Abstract

A meeting on the Geochemistry of Acid Rain was held in the University of Strathclyde on 30 August 1985. It was convened by W. M. Edmunds (Institute of Hydrology, Wallingford, Oxon.) and K. Coe (University of Exeter).

The phenomenon of acid rain has been known for at least a century; one of the first records of acid rain was from Britain (Smith 1852.

Memoirs and Proceedings of the Manchester Literary and Philosophical Society, 2, 207–17.) Smith described acidic rainfall (with up to 38 mg 1 SO2−4) from the industrial areas of Manchester and noted amongst other things the effects on stone buildings. General awareness of the long range international consequences as well as the widespread, as opposed to local environmental impact, of acidic deposition has grown during the last 15–20 years, mainly as a result of research in Scandinavia and North America.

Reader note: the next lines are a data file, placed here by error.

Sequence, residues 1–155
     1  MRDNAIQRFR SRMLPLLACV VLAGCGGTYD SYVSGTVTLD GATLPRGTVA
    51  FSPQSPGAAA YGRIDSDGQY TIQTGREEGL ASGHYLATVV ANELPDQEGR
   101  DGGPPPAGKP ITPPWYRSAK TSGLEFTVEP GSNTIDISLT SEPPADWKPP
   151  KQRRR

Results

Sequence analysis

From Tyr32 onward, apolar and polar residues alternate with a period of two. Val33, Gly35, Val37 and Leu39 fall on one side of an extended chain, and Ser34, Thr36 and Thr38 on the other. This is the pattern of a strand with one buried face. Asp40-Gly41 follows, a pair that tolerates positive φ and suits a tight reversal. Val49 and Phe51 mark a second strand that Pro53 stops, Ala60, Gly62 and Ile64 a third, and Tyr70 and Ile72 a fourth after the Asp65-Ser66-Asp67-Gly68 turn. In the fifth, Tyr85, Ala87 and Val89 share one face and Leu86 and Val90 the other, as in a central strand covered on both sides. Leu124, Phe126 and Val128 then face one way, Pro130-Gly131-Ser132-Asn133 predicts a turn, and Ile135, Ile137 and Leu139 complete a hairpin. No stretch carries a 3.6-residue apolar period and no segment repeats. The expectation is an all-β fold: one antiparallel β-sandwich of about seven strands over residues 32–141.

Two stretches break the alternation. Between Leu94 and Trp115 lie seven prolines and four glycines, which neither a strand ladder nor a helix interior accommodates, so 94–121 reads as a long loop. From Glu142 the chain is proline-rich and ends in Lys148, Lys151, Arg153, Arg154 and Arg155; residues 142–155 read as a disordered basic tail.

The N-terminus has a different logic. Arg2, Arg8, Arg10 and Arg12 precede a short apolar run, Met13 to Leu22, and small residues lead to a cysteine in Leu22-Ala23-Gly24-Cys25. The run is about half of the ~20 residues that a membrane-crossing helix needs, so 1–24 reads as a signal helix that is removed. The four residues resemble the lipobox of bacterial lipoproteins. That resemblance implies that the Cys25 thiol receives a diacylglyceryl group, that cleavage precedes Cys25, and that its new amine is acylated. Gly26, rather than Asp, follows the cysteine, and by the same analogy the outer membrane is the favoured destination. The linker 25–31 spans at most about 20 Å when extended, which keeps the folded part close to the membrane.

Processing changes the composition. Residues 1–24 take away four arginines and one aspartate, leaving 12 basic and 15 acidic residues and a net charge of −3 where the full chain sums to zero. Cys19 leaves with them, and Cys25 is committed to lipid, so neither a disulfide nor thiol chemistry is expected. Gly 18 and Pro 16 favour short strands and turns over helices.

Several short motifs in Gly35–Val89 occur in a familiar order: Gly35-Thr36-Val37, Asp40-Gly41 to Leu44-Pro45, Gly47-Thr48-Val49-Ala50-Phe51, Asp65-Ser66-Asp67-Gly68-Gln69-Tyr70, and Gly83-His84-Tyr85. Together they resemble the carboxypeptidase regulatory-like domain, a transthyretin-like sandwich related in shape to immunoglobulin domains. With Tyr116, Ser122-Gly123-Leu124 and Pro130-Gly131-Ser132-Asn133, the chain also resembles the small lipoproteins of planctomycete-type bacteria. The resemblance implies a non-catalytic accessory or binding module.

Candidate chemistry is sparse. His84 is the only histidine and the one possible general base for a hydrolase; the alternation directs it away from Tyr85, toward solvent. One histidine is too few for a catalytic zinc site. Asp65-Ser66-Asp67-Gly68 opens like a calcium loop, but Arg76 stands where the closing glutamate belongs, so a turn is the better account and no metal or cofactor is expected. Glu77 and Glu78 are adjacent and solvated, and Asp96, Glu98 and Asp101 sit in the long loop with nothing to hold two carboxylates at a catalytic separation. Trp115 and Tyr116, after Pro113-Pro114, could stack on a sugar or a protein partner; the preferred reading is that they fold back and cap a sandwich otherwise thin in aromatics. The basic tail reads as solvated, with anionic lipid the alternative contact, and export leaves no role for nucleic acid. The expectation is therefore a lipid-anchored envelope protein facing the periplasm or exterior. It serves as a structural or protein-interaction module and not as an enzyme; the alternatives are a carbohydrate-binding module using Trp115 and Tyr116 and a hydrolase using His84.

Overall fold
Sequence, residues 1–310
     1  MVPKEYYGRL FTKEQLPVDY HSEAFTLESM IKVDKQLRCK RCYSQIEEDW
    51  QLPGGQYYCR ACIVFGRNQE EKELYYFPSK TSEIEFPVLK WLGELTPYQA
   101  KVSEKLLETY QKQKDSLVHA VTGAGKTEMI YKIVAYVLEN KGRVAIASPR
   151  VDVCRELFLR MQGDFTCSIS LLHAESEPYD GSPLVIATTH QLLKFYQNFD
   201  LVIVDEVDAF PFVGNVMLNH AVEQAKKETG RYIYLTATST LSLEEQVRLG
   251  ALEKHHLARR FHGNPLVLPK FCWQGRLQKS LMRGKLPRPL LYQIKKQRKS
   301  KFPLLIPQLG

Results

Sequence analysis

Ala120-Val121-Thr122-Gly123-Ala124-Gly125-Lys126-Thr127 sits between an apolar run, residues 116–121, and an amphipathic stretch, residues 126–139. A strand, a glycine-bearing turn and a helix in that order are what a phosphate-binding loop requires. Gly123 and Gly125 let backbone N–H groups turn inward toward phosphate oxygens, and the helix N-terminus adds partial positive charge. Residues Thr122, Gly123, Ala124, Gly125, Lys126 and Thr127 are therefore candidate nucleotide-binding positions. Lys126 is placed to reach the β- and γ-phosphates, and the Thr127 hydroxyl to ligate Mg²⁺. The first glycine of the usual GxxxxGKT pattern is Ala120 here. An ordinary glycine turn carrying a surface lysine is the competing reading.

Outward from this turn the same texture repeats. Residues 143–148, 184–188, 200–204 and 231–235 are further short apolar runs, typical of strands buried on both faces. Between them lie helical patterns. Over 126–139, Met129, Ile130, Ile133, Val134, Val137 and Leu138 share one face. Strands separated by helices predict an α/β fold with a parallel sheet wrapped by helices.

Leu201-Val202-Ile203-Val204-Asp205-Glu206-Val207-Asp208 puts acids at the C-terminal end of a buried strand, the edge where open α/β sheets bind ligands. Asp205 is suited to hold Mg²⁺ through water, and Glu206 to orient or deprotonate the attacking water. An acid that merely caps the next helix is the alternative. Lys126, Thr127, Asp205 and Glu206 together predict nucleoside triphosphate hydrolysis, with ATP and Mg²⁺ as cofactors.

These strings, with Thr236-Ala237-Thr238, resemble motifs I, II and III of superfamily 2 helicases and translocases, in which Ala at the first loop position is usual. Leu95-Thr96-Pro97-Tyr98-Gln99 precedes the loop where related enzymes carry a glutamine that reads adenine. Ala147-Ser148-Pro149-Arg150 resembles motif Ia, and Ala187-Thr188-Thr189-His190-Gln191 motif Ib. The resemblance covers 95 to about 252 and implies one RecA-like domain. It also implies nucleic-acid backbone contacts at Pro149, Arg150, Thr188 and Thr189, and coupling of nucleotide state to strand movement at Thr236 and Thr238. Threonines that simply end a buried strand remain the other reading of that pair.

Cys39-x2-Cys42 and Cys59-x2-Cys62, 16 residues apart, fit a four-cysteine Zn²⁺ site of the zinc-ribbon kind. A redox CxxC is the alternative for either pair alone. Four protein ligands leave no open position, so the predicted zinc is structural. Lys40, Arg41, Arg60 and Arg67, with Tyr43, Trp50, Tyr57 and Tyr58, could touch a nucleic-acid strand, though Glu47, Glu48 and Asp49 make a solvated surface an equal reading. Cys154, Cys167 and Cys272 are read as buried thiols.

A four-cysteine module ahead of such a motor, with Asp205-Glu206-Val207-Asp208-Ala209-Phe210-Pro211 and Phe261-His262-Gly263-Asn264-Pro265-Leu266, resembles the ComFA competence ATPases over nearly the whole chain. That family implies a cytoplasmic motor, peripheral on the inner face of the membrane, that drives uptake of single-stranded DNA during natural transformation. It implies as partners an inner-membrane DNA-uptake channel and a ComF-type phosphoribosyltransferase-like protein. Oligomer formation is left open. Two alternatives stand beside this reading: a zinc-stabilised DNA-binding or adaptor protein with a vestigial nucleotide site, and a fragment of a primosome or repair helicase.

There is now an extensive literature on the subject of acidic deposition and its effects, particularly in relation to the origin and fate of acidic substances in the atmosphere and their possible impact on surface waters and biota. The two most serious questions to emerge are (i) whether current levels of acidic deposition are responsible for the increase in the number of fishless streams and lakes in Scandinavia and elsewhere, and (ii) whether the presence of anthropogenic acidic substances in the atmosphere is a threat, directly or indirectly, to the productivity of European and North American forests.

Relativety little research has so far been carried out on

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